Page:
THE LOCAL BUSINESS TAXES SHOULD BASED IN SECTION 143 OF THE LGC AND NOT BASED ON PRESUMPTIVE INCOME

Today, may be most of the business establishments have renewed their business permits for the year 2011 with their respective local government units (LGUs) in the country.
In the first week of January 2011, me and my associates in the office had been busy preparing the requirements for the renewal of business permits of businesses with different LGUs.
The LGUs are granted the power to tax, including the right to impose local business taxes (LBT) on all business operating within its jurisdiction with reference to the law, Republic Act No. 7160 which is known as the Local Government Code of 1991 (LGC).
LBT is imposed on the amount of gross sales or receipts of a business establishment for the preceding calendar year using the rates of taxes provided under Section 143 of the LGC, or a specific ordinance issued by the LGU, for each type of business.
Business establishments are required by LGUs to submit Declaration/ Certification of Gross Sales/Receipts for the preceding calendar year for basis in computation of LBT and the latest Income Tax Returns and Financial Statements for purposes of verifying the accuracy of the declarations that have been made for the previous year.
In my worse actual experience for almost two years in securing renewal of business permits is that one of the LGUs is not following the Section 143 of the LGC.  Upon presentation of the accomplished tax assessment form providing the 2009 gross sales which is higher compared to 2010 gross sales in securing business permit for year 2011, I was dismayed when their government employee decided to make an assessment of the same amount as declared in 2009 gross sales with their invalid reason that the 2010 gross sales/receipts should be higher even though I have provided their requirements which was resulted to over-assessment and  over-payment of business taxes.
Through research, I have learned that the method used by this LGUs is known as the Presumptive Income Level Assessment Approach (PILLA) that it is commonly practiced in most LGUs throughout the country as a tool for the efficient and effective collection of taxes.

Again, the LGUs in the country should based  the local business taxes stated in Section 143 of the LGC and should not based on presumptive income.

Local taxation must always be uniform, fair and just despite of the local autonomy granted by the Constitution.

CLARIFICATIONS & ADDITIONAL INFORMATIONS ABOUT NON-STOCK, NON-PROFIT CORPORATIONS OR ORGANIZATIONS

Tonight, upon reading an article written by a Tax Manager of an Audit Firm in the Country stated that NON-STOCK, NON-PROFIT (NSNP) CORPORATIONS OR ORGANIZATIONS not really exempt from the payment of all taxes.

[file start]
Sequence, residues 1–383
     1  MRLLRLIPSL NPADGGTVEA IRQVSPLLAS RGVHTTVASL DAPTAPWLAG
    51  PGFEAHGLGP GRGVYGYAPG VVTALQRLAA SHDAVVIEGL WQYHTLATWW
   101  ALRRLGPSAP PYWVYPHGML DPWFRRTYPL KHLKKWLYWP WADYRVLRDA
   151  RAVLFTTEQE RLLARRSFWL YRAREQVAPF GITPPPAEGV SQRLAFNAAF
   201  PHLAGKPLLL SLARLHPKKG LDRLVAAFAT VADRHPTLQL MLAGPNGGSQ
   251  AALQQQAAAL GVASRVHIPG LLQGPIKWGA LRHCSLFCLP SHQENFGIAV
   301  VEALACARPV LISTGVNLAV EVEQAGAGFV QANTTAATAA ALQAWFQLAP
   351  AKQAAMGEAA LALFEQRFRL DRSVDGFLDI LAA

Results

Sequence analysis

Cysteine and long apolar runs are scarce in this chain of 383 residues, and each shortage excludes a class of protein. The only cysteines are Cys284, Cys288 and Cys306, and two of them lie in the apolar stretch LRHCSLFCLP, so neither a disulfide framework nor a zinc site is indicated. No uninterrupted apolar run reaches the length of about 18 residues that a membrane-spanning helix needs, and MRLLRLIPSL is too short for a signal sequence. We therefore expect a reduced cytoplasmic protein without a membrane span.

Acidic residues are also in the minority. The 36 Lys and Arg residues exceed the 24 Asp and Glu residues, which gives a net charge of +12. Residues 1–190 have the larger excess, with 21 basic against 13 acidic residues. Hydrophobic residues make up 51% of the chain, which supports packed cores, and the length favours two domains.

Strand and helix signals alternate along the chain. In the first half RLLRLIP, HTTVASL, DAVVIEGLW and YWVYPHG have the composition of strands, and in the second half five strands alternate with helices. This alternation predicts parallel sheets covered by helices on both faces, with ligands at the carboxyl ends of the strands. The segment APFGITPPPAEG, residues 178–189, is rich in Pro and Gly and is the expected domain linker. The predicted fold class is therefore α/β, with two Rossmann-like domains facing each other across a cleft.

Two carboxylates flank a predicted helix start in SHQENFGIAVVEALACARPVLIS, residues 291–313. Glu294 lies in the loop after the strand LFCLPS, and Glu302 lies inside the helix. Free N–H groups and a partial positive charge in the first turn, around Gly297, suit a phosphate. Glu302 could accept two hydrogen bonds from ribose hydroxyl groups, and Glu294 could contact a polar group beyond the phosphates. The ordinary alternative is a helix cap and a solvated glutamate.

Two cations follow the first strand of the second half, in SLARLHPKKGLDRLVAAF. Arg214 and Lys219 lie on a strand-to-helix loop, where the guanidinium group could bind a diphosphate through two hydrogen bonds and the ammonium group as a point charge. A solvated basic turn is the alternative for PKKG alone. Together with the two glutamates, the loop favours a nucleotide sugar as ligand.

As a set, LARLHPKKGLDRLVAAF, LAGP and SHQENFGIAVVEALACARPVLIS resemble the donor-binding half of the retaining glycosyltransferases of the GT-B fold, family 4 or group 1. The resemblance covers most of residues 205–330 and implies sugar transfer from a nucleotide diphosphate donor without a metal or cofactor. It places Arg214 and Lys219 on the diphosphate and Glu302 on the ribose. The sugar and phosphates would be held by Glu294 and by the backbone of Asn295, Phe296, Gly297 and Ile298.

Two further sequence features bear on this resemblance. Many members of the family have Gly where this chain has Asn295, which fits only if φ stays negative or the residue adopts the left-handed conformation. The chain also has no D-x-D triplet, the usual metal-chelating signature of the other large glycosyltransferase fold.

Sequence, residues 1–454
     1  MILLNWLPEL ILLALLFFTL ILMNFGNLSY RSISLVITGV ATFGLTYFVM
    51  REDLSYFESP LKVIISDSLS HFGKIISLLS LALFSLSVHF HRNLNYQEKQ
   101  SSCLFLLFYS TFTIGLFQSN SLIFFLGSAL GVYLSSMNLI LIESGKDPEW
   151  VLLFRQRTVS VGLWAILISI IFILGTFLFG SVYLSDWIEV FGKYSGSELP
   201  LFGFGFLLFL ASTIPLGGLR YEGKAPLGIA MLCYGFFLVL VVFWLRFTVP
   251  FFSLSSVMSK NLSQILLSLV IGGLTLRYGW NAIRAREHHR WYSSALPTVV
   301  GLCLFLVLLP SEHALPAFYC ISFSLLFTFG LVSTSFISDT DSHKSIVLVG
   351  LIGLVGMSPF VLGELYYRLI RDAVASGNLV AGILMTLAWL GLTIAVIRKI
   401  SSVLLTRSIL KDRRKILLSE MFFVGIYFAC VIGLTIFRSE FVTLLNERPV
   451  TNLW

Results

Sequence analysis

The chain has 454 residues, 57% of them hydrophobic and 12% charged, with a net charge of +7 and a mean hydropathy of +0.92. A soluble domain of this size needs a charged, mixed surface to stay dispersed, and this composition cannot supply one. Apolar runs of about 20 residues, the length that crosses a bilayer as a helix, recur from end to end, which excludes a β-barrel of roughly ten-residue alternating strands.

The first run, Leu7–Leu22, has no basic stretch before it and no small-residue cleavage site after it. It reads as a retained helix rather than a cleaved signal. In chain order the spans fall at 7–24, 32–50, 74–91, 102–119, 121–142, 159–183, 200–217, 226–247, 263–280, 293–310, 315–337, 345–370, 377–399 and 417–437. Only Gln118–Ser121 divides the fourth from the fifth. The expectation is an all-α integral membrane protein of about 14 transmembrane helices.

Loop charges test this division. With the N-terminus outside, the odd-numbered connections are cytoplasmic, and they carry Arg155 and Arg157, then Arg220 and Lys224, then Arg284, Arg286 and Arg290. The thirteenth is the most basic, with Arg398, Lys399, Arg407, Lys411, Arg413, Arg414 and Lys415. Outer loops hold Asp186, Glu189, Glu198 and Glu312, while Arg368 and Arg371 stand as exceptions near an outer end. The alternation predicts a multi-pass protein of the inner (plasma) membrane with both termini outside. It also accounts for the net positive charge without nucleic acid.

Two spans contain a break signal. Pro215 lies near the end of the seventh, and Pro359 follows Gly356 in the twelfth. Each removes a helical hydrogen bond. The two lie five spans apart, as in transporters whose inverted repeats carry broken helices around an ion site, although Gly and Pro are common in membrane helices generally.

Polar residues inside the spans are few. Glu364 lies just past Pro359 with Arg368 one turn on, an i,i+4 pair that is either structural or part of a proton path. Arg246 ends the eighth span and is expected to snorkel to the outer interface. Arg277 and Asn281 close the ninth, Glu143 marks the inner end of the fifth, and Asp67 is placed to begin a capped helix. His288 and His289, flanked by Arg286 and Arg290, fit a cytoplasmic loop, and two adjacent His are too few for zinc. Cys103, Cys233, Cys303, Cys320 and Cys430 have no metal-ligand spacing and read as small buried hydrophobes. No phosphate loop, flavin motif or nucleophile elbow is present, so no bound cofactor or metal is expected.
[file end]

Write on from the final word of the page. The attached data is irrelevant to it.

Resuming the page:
The writer stated that the grant of tax exemption  provided under the Constitution (Section 4(3), Article XIV of the Constitution) and the Tax Code may well be among the reasons why a many trustees and officers of Non-stock, Non-profit organizations are under the mistaken notion that their tax exemption is absolute.
In support, the writer stated  about the case of (Lladoc vs. Commissioner of Internal Revenue, 14 SCRA 292)  decided by the Supreme Court, it was held that the tax exemption of charitable and religious institutions under the Constitution refers only to real property exemption and not to other types of taxes.
The exemption privileges do not cover all types of income and activities. Income from properties, as well as from activities conducted for profit by NSNP corporations is subject to income tax. Section 30 of the Tax Code explicitly provides that “the income of whatever kind and character of the foregoing organizations from any of their properties, real or personal, or from any of their activities conducted for profit, regardless of the disposition made of such income, shall be subject to the tax imposed under this Code”. Because of this, income earned by a non-stock non-profit institution from the sale or lease of its real property is subject to tax. Interest income from bank deposits and yield from deposit substitutes are likewise subject to the final withholding taxes.
Likewise, income earned by the educational institutions from investments in shares of stock which is not deemed related to its purposes as an educational institution and is subject to income tax. Income earned from the sale or lease of real property or from fund raising activities although to be used exclusively in furtherance of the objectives and purposes of the organization are likewise, in general, taxable.
Both NSNP organizations and educational institutions are neither exempt from the liability to withhold taxes on their employees and other income payments that are subject to withholding tax under the regulations.
The author also recommends that when in doubt, a ruling may be secured from the BIR on whether certain income or receipts can be exempt or should be taxable. Exemptions from the general rules on taxability may also be obtained, in certain cases.